Some operating agreements provide for an LLC to dissolve on a specified date or on the occurrence of a specified event, such as the sale by the LLC of particular assets or substantially all its assets. LLC statutes also may specify events of dissolution. For example, the Delaware LLC Act provides that an LLC will dissolve when it has no members.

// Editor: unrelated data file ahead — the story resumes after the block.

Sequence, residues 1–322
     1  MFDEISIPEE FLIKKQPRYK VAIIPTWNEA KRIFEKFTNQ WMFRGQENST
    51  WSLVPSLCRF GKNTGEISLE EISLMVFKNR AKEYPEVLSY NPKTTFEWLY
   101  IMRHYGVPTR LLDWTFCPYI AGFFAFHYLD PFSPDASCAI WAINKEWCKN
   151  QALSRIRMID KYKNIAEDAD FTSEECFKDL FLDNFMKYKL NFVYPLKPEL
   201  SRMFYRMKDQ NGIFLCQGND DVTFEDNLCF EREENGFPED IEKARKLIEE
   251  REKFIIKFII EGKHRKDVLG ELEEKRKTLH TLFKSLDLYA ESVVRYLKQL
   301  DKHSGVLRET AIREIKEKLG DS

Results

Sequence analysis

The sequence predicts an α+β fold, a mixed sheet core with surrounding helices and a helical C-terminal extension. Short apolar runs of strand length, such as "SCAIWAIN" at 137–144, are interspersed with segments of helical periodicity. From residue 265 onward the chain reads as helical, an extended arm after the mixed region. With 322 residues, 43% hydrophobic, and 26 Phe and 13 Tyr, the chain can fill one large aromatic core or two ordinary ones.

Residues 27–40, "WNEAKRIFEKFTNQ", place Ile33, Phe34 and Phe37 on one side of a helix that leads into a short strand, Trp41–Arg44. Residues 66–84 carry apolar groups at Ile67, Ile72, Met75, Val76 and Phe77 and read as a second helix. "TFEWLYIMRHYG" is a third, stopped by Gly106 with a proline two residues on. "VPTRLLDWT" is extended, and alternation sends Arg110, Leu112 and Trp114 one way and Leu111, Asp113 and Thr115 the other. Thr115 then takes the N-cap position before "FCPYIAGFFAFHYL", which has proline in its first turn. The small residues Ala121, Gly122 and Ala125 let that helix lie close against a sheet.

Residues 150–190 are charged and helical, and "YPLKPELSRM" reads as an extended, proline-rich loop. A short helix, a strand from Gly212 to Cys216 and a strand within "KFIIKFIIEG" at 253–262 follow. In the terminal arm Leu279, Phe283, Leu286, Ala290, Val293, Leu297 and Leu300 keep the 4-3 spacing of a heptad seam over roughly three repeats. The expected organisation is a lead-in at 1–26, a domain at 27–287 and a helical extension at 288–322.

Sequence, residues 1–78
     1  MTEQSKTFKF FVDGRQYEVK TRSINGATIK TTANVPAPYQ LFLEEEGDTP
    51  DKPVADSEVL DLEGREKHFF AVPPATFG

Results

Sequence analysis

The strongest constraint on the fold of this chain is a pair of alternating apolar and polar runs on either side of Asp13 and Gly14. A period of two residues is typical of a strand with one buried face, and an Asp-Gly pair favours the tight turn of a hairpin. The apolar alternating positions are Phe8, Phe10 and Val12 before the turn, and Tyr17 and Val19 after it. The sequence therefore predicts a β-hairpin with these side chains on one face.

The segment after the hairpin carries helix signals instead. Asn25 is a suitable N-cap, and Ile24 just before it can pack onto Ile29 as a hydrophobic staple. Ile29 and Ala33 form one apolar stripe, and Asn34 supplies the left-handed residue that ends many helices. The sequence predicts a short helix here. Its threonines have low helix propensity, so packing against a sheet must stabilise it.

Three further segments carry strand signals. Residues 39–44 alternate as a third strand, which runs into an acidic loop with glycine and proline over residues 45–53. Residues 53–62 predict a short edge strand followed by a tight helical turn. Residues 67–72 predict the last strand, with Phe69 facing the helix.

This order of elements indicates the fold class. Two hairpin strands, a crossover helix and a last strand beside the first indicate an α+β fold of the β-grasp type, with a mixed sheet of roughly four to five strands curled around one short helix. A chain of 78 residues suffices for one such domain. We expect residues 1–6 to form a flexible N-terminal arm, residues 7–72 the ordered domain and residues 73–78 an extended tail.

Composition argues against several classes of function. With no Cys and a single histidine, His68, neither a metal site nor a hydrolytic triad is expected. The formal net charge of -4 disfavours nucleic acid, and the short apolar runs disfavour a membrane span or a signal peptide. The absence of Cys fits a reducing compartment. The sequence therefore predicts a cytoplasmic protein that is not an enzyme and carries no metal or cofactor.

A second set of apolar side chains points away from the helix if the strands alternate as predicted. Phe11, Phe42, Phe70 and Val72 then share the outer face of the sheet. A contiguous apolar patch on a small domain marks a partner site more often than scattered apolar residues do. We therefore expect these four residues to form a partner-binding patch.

LLC statutes ordinarily do not require public notice that an LLC has dissolved or a filing with a Secretary of State or other governmental office. Therefore, when giving an LLC power opinion, the opinion preparers cannot rely simply on a certificate of the Secretary of State or other government official but also must address in some other way the possibility that the LLC has dissolved. Sometimes, the opinion preparers will have personal knowledge that no event of dissolution has occurred (as they might, for example, when the LLC is formed just before the closing of the transaction covered by the LLC power opinion). In other circumstances, the opinion preparers may be able to rely on a combination of personal knowledge, a manager’s, member’s or officer’s certificate and factual representations in the operating agreement or the transaction documents. In still other circumstances, they may choose to address the issue by, for example (i) including in the opinion letter an express assumption that no event of dissolution has occurred or (ii) stating in the opinion letter that they have not conducted a factual investigation into the possibility that the LLC has dissolved.